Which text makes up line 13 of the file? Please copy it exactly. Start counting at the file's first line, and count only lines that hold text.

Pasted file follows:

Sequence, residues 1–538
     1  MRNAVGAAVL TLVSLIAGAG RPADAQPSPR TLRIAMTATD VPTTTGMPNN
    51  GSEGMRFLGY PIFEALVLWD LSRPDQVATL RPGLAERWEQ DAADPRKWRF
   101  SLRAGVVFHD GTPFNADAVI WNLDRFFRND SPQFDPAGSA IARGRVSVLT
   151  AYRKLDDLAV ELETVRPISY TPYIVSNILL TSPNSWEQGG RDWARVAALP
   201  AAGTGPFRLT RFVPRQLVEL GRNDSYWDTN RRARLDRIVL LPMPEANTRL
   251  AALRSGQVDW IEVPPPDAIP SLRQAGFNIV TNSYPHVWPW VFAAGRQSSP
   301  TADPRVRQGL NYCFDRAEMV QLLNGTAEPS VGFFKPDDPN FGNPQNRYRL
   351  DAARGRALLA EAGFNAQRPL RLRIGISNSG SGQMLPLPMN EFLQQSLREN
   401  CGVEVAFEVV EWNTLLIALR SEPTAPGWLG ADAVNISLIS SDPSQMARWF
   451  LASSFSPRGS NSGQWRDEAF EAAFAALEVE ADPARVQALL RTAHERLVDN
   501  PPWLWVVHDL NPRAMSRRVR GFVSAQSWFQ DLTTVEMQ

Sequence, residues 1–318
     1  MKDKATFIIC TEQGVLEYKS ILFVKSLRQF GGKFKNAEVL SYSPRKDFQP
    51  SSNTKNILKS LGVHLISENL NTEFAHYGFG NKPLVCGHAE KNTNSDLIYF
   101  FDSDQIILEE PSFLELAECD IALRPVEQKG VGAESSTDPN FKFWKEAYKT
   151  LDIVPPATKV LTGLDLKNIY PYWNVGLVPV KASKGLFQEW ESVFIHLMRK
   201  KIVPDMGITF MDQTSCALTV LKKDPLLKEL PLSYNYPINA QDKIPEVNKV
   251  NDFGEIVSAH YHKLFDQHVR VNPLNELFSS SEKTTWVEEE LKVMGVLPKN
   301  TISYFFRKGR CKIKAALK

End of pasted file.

Sequence, residues 1–318